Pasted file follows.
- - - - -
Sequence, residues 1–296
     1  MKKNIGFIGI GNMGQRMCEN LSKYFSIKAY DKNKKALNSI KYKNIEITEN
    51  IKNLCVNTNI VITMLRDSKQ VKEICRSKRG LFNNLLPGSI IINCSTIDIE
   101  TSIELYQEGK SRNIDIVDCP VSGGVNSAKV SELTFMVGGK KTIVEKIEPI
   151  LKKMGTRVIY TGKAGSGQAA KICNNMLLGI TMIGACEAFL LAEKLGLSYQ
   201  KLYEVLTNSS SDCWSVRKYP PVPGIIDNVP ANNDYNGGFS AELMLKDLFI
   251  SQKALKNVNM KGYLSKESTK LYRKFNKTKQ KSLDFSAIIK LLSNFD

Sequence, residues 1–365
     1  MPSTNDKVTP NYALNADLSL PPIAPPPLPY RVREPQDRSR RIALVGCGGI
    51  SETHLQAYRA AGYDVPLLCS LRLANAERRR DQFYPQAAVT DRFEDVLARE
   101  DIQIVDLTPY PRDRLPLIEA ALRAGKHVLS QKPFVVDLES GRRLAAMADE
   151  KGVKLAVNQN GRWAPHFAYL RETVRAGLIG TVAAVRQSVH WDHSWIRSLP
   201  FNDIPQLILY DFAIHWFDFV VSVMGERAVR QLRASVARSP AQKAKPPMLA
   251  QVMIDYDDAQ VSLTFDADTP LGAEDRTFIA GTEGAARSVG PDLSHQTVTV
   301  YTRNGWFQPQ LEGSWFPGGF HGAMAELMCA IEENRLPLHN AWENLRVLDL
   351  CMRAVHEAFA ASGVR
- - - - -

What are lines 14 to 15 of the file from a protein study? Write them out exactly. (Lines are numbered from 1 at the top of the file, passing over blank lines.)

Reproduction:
   251  QVMIDYDDAQ VSLTFDADTP LGAEDRTFIA GTEGAARSVG PDLSHQTVTV
   301  YTRNGWFQPQ LEGSWFPGGF HGAMAELMCA IEENRLPLHN AWENLRVLDL